Cisco Systems has fixed three high-severity vulnerabilities in its software-defined networking for wide-area network (SD-WAN) solutions for business users. If exploited, the flaws could enable bad actors to execute commands with root privileges on affected systems. To exploit the vulnerabilities attackers need to first be local and authenticated.
The three flaws are located in various Cisco hardware and software products running the company’s SD-WAN software earlier than Release 19.2.2 (the fixed release). Hardware includes the company’s SD-WAN solutions: vBond and vSmart controllers (which implements network connectivity), the vManage Network Management system (the centralized management platform) and the vBond Orchestrator software (which performs authentication of all elements in the network). Also affected are various vEdge routers, and the corresponding vEdge cloud router platform.
“The Cisco Product Security Incident Response Team is not aware of any public announcements or malicious use of the vulnerability that is described in this advisory,” according to Cisco’s Wednesday advisory.
The most severe of these vulnerabilities is an insufficient input validation error (CVE-2020-3266) in the Command Line Interface (CLI) of SD-WAN. CLI is the text-based interface, used to operate software and allowing users to type single commands into the interface. While the flaw can only be exploited by authenticated and local attackers, if exploited it would enable them to inject arbitrary commands that are executed with root privileges.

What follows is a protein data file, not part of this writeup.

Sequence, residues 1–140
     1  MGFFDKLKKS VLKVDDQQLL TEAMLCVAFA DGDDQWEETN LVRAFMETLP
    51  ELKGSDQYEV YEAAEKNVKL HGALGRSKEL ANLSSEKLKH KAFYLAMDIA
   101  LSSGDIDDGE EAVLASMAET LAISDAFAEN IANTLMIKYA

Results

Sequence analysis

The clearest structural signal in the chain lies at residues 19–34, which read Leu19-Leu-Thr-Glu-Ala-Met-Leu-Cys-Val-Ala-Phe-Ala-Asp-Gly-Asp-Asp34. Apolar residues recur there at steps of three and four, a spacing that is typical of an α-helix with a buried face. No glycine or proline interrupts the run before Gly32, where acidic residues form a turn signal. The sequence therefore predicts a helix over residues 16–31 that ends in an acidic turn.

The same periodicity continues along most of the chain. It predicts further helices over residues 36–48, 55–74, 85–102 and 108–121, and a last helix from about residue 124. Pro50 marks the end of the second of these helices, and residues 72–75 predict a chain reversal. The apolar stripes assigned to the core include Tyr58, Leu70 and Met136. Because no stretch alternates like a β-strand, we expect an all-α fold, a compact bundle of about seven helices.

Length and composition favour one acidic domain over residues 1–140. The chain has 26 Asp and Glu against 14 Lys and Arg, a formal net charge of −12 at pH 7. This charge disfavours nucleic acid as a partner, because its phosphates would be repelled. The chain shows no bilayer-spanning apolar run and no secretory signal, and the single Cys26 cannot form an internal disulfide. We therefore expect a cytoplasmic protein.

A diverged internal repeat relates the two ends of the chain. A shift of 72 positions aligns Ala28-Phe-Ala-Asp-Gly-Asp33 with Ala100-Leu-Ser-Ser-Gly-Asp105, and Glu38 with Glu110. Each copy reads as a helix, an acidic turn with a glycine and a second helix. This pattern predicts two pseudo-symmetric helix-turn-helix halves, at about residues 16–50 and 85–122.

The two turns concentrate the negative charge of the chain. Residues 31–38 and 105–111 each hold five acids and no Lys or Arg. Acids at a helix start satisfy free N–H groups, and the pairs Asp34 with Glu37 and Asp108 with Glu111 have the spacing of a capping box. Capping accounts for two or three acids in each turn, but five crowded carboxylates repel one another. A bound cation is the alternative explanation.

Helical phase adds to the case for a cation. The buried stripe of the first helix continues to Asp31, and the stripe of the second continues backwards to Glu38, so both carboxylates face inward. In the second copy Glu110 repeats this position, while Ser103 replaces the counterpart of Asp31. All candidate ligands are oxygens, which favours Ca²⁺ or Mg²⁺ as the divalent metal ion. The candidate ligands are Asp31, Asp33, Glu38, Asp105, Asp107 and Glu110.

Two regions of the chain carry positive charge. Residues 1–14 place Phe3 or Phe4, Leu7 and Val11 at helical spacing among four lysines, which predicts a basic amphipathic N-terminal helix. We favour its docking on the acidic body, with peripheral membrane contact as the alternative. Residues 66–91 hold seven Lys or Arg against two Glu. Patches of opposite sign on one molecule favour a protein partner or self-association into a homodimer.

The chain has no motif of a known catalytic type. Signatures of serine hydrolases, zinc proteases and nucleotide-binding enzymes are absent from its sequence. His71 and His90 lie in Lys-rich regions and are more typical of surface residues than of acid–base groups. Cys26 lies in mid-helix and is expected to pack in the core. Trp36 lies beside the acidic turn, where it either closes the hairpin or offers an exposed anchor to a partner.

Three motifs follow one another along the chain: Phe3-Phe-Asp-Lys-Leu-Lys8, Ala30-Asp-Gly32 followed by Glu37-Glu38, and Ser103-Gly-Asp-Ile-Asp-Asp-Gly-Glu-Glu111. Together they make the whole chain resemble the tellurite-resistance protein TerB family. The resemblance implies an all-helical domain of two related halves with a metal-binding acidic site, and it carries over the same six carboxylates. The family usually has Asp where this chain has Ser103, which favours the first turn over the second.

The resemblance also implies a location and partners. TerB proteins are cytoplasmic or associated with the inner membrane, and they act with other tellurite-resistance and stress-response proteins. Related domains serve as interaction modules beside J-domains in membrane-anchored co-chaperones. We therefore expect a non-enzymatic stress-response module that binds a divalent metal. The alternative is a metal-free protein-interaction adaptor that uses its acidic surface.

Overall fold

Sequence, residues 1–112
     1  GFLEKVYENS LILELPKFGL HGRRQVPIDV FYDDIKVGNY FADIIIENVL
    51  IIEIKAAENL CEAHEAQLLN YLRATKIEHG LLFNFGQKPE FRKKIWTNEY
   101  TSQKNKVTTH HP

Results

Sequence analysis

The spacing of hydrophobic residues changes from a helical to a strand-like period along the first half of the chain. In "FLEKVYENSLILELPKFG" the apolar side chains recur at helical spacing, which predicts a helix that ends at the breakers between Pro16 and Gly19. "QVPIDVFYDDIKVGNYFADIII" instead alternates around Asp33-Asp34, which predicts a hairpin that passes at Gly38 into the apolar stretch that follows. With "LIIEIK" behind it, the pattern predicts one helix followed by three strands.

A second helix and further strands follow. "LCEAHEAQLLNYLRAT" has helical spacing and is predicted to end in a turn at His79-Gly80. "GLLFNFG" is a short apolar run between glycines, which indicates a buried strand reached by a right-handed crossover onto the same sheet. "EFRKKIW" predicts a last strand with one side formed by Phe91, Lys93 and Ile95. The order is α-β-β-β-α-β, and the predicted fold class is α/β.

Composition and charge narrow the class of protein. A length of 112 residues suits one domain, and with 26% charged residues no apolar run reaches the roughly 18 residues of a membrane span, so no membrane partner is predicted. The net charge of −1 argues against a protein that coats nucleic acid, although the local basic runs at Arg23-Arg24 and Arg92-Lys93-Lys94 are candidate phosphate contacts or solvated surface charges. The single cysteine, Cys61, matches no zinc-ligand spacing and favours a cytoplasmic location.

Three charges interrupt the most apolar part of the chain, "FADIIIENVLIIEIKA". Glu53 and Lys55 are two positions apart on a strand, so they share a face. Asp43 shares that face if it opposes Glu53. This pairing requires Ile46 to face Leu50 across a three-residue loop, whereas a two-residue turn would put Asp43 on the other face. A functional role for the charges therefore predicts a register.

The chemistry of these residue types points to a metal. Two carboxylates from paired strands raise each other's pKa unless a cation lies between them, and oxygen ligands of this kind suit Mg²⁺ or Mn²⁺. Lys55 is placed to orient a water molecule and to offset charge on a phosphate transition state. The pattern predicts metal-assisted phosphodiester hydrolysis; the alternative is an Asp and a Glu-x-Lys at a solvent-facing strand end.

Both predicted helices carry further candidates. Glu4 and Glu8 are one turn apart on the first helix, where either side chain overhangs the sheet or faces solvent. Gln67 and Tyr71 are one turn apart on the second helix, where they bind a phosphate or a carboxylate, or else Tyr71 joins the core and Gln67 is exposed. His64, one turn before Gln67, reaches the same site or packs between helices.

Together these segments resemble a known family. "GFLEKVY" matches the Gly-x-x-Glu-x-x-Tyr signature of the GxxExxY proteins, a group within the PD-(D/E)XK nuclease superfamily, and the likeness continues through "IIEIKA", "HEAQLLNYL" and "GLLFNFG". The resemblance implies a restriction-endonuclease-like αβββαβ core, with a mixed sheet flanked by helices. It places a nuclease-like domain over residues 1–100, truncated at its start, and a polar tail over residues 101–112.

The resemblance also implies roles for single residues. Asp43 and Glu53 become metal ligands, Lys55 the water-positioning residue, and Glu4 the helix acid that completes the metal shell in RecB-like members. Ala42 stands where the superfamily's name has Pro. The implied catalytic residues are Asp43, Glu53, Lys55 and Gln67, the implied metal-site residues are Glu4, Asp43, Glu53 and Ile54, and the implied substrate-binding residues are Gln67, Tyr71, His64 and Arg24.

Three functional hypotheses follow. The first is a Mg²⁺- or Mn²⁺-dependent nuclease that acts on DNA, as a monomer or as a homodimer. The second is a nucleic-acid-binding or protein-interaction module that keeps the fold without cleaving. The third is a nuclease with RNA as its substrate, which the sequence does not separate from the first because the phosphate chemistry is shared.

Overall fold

“An attacker could exploit this vulnerability by authenticating to the device and submitting crafted input to the CLI utility,” according to Cisco’s advisory. “The attacker must be authenticated to access the CLI utility. A successful exploit could allow the attacker to execute commands with root privileges.”
This flaw scores 7.8 out of 10.0 on the CVSS scale, making it high-severity.
The second flaw (CVE-2020-3264) is a buffer overflow vulnerability that also stems from insufficient input validation in the software. This flaw could enable an authenticated, local attacker to “gain access to information that they are not authorized to access and make changes to the system that they are not authorized to make.”
An attacker could exploit the flaw by sending crafted traffic to an affected device. The flaw ranks 7.1 out of 10.0 on the CVSS scale, or high severity.
The final high-severity flaw (CVE-2020-3265) is a privilege escalation flaw in the SD-WAN software that could allow authenticated, local attackers to elevate privileges – ultimately gaining “root-level” privileges on the underlying operating system. This flaw ranks 7.0 out of 10.0 on the CVSS scale.
“The vulnerability is due to insufficient input validation,” said Cisco. “An attacker could exploit this vulnerability by sending a crafted request to an affected system.”
Cisco has previously issued patches for several critical- and high-severity vulnerabilities in its SD-WAN software, including a critical privilege-escalation flaw (CVE-2019-1625) existing in CLI in June, and a high-severity flaw in the SD-WAN software in January.